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Potty Mouth: The Case for and Against Using Profanity in Your Content

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Do your customers use those words? Here’s how to know if you can too.

OMG, did that brand just drop an F-bomb on their social media post?

You can love it. You can hate it. What you can’t do is ignore the fact that profanity gets your attention. Proponents say it’s appropriate. Opponents insist it’s the kiss of death. Who makes a better case? After all, more than 26 million people have watched Dollar Shave Club founder Michael Dubin say, “Our blades are f***ing great,” and Unilever ended up buying the company for a reported $1 billion in cash.

We’re not advising you to use profanity – but there can be times when dropping an F-bomb or one of its naughty relatives might be advantageous for your content. Here’s when and why it might work.

Pushing a signal through the noise

Cussing can be good for business, according to Forbes. This influential publishing giant recently wrote that for some brands, a little bit of well-positioned profanity can boost profits. Wasn’t former president Barack Obama known to push out the occasional salty descriptive?

Forbes sums up their support of swearing by saying that permission to do it is actually granted by your customers. “Don’t judge them,” Forbes says, “relate to them. So, if they like to swear, join them. They’ll love you for it.”

“F**k yeah!” is likely how VaynerMedia CEO Gary Vaynerchuk would respond. The entrepreneur peppers his vocabulary with profanity. It hasn’t hurt him, and some would say it’s one of the reasons he has a net worth of nearly $160 million. “I only believe in authenticity,” Vaynerchuk says on an interview he posted on Facebook. “It’s how I talk.”

Vaynerchuk is known for his keen insight into business success and marketing. He’d definitely agree with Forbes that his use of profanity is because it’s a connection to his target audience. They want his honest opinion on how to crush it in business.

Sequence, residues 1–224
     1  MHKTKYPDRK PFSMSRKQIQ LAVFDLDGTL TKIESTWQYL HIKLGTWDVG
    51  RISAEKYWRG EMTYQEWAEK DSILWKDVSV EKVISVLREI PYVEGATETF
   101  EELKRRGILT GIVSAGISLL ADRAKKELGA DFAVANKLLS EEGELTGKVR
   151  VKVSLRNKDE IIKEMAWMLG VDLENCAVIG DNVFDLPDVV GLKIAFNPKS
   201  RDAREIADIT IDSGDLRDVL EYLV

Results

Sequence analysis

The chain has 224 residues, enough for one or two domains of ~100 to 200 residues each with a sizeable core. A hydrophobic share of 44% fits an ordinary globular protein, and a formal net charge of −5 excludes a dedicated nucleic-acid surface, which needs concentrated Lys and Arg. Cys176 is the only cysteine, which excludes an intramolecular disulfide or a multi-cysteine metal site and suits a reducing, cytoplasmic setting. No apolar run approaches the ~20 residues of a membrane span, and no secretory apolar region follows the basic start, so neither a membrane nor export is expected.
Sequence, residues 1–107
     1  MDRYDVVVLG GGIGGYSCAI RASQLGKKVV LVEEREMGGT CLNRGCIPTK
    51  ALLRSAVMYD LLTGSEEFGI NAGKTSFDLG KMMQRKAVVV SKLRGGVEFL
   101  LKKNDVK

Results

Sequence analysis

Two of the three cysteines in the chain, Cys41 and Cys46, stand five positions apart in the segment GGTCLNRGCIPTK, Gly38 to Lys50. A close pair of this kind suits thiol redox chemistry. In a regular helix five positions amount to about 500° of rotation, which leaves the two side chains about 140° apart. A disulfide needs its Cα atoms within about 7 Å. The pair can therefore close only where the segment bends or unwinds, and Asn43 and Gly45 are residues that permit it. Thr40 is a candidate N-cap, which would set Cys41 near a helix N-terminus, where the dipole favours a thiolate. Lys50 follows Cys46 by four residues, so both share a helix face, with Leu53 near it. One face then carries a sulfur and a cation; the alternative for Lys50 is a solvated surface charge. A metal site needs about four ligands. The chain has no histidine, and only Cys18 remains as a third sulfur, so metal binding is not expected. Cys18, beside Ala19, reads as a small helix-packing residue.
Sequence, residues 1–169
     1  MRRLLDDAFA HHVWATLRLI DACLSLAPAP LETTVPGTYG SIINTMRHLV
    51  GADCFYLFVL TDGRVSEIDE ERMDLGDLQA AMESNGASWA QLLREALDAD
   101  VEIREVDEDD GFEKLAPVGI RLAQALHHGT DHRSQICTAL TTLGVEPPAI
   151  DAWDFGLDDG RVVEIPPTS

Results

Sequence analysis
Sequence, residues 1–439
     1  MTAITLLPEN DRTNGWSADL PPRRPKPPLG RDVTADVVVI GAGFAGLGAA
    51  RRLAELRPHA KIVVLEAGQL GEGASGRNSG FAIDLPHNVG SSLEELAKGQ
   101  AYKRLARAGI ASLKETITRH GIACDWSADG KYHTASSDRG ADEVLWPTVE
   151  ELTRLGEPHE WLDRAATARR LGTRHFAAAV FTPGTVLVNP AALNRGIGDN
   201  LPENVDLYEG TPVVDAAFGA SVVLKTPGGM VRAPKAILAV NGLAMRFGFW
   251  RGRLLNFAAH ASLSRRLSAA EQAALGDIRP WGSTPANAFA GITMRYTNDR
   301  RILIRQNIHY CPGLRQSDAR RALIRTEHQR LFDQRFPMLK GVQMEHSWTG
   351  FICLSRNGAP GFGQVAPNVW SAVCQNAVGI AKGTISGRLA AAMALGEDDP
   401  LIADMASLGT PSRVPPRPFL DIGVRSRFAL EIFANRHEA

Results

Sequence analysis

Researchers from four universities around the globe backed that up, finding that people who swear are more likely to be honest. “Profanity,” they concluded, “was associated with less lying and deception at the individual level and with higher integrity at the society level.”

Know your audience

Garage Technology Ventures founder and best-selling author Guy Kawasaki believes the use of profanity can have a positive effect for entrepreneurs. He tells Entrepreneur that it can engender camaraderie and trust.

Kawasaki also believes profanity is more effective when it’s used infrequently, and that it’s best reserved for situations where you are basically just saying what’s on the minds of your audience. He calls these “head smackingly stupid” moments.

Does this mean he thinks Gary Vaynerchuk has a lot of head smackingly stupid moments of connection with his audience? Perhaps not. Advising people how not to look clueless on social media, he adds, “Swearing is bullsh*t. (I’ve waited a long time to write something that clever.)”

Somewhere along the way, swearing on social media became a sign of openness, sincerity, and authenticity. Go figure. Profanity can also signal that you’re inarticulate, if not clueless, so rarely use it unless, for example, you want to make a strong statement about SEO.

Maybe Kawasaki was considering his audience – which for an article in Entrepreneur could be different than those who read his own blog.

Blah blah f***ing blah

So, it’s part of a billion-dollar payday for Dollar Shave Club, and a measure of authenticity for Gary Vee. It might be OK, according to Guy Kawasaki, if you’re a CEO giving a speech and you’re just saying what’s already on everybody’s minds.

What about your content?

Online visibility expert SEMrush agrees that dropping an F-bomb needs to be totally relevant to your audience. They say profanity is an effective way to differentiate your brand from other boring content producers because you can establish a unique voice.

Sure, but what about Mom and Dad, aka Google? Officially, Google says it takes no position on profanity. That may be true, but don’t forget about the default setting on Google’s Safe Search filter. Regardless of how your audience feels about profanity, they may not even know you dropped an F-bomb – even if you did it in a headline.

It could be that your audience doesn’t give a sh*t if you pepper your content with profanity – especially if it’s because you are being your true self. But if you consider Gary Vaynerchuk to be the potty mouth poster boy, maybe the use of profanity in your content should be as rare as a visit by Halley’s Comet. We last saw it in 1986 and we won’t see it again until 2061.

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